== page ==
Grandfather GO: Annual KidFest Coming Up on Saturday, Sept. 10 at Grandfather Mountain

Published Wednesday, August 31, 2016 at 10:52 am

This September, kids are invited to visit their Grandfather.

On Saturday, Sept. 10, Grandfather Mountain hosts its annual KidFest, a fun-filled and educational celebration of natural history in the Appalachian Mountains.

“KidFest is our annual event to showcase the park’s natural wonders to our younger visitors,” said Mickey Shortt, director of education and natural resources for the Grandfather Mountain Stewardship Foundation, the nonprofit organization that oversees the Linville travel attraction and nature preserve.

This year’s theme is “Grandfather GO,” inspired by the popular mobile video game, “Pokémon GO,” in which players must use their handheld device to “capture” simulated creatures.

In “Grandfather GO,” however, young participants will focus on finding the real deal in a park-wide scavenger hunt.

“The purpose of the scavenger hunt is to get kids thinking about wildlife on Grandfather Mountain, particularly that which is unique to the mountain,” Grandfather Mountain education specialist Amy Renfranz said.

Running from 11 a.m. to 4 p.m., “Grandfather GO” will feature a series of stations located throughout the mountain, which participants can find using a map they’re given at arrival.

“At each station, we’ll be highlighting the mountain’s biodiversity — salamanders, birds, black bears and bats, for instance — and kids will ‘catch’ the animals by doing a group activity to learn about the specific creature,” Renfranz said.

Each station will feature a staff naturalist or volunteer to lead the activity, some even accompanied by live animals, such as owls and salamanders.

After completing the challenge, players will receive a special wildlife stamp on their map, and they can then follow the clues to find the next station.

“Just collect all the creatures, and they’ll wind their way up to the last station, where they’ll receive prizes and have a mountain celebration,” Renfranz said.

What do the prizes entail?

“They’re a surprise!” Renfranz said. “But I’ll give you a hint. There are prizes the kids can wear or show off, or eat and enjoy, or share with their friends. But the main goal is to get kids engaged in hands-on activities that highlight Grandfather Mountain’s biodiversity.”

KidFest is geared toward children ages 4 to 12, and all activities are included with the price of admission to Grandfather Mountain. To participate, simply ask the gate attendant for a “Grandfather GO” map.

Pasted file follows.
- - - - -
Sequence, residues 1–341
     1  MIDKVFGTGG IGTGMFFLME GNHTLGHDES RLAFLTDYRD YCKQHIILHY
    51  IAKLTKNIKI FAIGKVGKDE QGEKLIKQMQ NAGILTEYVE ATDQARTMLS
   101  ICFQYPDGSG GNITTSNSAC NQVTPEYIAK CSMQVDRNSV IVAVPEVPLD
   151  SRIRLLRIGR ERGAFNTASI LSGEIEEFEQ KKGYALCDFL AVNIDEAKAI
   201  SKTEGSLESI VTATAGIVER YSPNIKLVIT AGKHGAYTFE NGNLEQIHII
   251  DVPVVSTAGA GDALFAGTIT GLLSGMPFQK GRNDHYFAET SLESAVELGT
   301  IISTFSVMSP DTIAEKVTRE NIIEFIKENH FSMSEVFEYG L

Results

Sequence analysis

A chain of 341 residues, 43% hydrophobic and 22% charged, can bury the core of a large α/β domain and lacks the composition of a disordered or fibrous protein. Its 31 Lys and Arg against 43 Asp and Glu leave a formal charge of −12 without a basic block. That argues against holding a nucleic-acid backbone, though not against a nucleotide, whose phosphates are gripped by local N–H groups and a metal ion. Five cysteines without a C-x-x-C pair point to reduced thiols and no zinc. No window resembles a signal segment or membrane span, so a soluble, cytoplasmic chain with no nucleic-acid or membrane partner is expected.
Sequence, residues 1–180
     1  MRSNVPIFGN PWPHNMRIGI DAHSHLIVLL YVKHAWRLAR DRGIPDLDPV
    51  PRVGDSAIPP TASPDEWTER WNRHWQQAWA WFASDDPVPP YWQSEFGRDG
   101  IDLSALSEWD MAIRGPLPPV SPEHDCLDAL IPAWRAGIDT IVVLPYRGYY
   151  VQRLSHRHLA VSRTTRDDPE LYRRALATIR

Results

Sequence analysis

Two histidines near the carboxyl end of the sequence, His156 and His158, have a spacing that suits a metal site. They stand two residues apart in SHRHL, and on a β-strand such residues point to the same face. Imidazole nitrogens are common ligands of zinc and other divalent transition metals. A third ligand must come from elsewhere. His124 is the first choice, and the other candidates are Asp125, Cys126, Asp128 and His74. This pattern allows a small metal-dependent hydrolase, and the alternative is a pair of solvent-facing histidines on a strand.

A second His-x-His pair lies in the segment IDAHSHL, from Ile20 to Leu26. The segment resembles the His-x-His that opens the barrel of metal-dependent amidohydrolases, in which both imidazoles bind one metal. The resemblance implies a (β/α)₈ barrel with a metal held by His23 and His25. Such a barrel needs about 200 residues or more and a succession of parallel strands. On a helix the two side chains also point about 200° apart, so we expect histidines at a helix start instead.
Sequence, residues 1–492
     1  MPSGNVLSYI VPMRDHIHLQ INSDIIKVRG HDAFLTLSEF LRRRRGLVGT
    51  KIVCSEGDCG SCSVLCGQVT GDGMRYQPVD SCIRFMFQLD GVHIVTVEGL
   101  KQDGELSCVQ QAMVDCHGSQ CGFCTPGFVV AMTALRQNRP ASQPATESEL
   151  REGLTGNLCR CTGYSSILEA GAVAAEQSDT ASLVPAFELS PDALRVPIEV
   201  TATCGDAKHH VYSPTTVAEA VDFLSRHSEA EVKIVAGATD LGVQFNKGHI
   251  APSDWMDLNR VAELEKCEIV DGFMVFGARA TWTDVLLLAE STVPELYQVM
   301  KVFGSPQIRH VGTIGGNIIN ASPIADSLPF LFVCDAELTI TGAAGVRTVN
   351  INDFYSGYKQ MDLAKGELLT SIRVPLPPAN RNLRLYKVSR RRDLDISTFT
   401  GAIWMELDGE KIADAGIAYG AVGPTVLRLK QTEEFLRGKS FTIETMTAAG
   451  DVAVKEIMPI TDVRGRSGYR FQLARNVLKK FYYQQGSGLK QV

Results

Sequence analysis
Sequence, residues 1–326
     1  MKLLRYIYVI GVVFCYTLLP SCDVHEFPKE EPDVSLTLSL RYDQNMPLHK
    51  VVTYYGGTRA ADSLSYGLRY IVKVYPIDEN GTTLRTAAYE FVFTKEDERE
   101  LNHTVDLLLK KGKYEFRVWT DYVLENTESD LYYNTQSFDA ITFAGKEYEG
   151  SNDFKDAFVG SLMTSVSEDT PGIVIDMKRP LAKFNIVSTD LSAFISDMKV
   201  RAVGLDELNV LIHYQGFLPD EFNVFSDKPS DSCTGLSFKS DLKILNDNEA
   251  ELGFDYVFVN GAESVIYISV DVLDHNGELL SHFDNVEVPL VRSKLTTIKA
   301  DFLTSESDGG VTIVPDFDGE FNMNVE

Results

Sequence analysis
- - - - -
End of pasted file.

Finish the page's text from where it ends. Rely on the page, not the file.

There will also be a KidFest information table in the Nature Museum, featuring game maps, park information, Junior Ranger books and Grandfather Mountain’s mascot, Millie the Bear.

In addition to the special programs taking place throughout the day, families can enjoy the experiences that make Grandfather Mountain exciting year-round, including crossing the Mile High Swinging Bridge, watching animals frolic in the environmental wildlife habitats, exploring the Nature Museum, hiking the trails and tasting the treats at Mildred’s Grill restaurant and the Fudge Shop.

The not-for-profit Grandfather Mountain Stewardship Foundation strives to inspire conservation of the natural world by helping guests explore, understand and value the wonders of Grandfather Mountain. For more information, call (800) 468-7325, or plan a trip at www.grandfather.com.

 

Grandfather Mountain’s annual KidFest showcases the park’s natural wonders to younger visitors through fun, games and education. Photo courtesy of the Grandfather Mountain Stewardship Foundation

Grandfather Mountain’s annual KidFest showcases the park’s natural wonders to younger visitors through fun, games and education. Photo courtesy of the Grandfather Mountain Stewardship Foundation

During this year’s KidFest scavenger hunt, young participants will look for and learn about Grandfather Mountain’s biodiversity, including salamanders. Photo courtesy of the Grandfather Mountain Stewardship Foundation

During this year’s KidFest scavenger hunt, young participants will look for and learn about Grandfather Mountain’s biodiversity, including salamanders. Photo courtesy of the Grandfather Mountain Stewardship Foundation

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